College savings solutions

With the cost of a college education continuing to rise, it’s essential to start saving as early as possible. A 529 plan provides a variety of benefits for you to save for college expenses, including tax-deferred compounding and the potential for tax-free withdrawals if the money is used to fund qualified expenses such as tuition, fees, books and supplies.


Tax-free savings growth

Investments in a 529 account grow tax-deferred while traditional taxable accounts are charged taxes annually on capital gains, dividends and interest. This means that 529 accounts retain more assets, creating a larger asset base which can compound over time.

The chart below shows the growth of a $70,000 portfolio invested when the child is born in both a taxable account and a 529 account.

Front of chart

Chart: 529 Savings grow faster

As the chart shows:

If you invest $70,000 when your child is born, over five years a 529 plan could be worth around $4,000 more than a taxable account.

Over 18 years, the difference could be over $28,000.


Comparing account types

There are many different ways to save for college including popular options like Coverdell ESAs and UGMA/UTMA accounts.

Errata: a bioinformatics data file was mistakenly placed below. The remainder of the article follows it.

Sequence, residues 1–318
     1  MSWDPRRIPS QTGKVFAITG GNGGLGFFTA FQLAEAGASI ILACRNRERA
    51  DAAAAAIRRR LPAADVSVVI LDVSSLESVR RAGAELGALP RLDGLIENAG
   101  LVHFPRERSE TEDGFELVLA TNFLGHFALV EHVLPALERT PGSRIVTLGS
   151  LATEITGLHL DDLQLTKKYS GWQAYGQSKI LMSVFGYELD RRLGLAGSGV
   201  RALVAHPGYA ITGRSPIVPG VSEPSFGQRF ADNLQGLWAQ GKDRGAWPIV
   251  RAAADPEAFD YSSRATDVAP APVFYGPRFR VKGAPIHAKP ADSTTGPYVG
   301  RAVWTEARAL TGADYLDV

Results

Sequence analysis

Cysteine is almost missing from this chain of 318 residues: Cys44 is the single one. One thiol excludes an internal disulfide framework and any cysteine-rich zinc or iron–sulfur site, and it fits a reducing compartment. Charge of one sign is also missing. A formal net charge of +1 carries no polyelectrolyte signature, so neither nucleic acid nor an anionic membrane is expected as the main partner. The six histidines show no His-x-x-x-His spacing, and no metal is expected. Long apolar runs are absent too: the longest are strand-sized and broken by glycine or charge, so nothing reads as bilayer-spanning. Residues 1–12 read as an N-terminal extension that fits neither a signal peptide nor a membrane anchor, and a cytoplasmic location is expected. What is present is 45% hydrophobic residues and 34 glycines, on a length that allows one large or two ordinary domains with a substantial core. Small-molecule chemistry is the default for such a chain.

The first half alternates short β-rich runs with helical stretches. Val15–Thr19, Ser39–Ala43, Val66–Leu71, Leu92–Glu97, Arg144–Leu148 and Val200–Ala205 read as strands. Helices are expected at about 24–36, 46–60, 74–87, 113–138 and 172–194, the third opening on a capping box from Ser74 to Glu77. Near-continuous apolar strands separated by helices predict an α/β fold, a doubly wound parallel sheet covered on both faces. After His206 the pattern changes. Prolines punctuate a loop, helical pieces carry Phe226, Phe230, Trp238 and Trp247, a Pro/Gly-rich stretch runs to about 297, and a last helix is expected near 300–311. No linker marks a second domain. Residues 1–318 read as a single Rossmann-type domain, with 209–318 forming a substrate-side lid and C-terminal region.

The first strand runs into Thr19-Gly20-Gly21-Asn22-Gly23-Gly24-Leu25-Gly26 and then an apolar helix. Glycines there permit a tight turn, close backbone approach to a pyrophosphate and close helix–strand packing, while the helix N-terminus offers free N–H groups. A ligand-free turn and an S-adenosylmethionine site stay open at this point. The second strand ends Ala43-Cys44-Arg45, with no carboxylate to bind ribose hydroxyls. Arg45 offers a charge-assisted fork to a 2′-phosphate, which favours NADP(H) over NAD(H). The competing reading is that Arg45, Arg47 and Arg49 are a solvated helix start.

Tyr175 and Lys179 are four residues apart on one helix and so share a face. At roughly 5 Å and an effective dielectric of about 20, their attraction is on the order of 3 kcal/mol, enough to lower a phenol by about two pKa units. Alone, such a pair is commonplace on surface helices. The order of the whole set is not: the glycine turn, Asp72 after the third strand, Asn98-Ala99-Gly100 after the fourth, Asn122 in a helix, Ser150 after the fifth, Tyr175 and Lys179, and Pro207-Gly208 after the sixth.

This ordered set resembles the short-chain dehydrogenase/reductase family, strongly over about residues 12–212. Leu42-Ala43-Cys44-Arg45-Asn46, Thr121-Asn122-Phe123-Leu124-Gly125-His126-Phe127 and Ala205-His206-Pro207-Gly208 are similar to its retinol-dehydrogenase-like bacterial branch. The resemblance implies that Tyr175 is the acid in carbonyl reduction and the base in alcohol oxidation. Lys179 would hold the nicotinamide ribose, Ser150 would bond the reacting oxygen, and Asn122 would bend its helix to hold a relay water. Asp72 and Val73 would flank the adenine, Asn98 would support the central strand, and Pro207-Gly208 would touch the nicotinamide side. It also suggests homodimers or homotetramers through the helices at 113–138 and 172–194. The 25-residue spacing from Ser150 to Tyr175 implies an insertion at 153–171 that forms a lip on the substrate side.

The chart below compares 529 plans to Coverdell ESAs and UGMA/UTMA accounts

Back of chart

Chart: Points to consider when charting your education savings course

As the chart shows:

529 plans have more favorable contribution rules than Coverdell ESAs. While Coverdell ESAs have a contribution limit of $2,000 per person per year, 529 plans have very high contribution limits (e.g., $394,000 lifetime limit for Ohio's 529 plan). Additionally, all contributions to a Coverdell ESA must be made before the beneficiary turns age 18 while 529 plans do not have age limits for contributions.

You can invest in 529 plans even if you make too much to contribute to Coverdell ESAs. Individuals who earn over $110,000 (single) or $220,000 (married, filing jointly) may not contribute to Coverdell ESAs, but 529 plans have no income limit.

The assets in a 529 plan can easily be used for graduate school expenses. On the other hand, assets in a Coverdell ESA must be used or transferred by the time the beneficiary is 30 years old.

Using 529 may help you receive more financial aid than UGMA/UTMA accounts. That’s because assets in a 529 plan are considered the account holder's when applying for financial aid, even though the account is in the beneficiary’s name. That means the value of the account is counted at a lower rate (5.64% vs. 20%) when calculating a student’s financial aid eligibility.


Points for professionals

  • Discuss with your clients the many different account options for saving for college.
  • Consider the BlackRock CollegeAdvantage 529 Plan as a way to save for college.
  • Contact your BlackRock representative.
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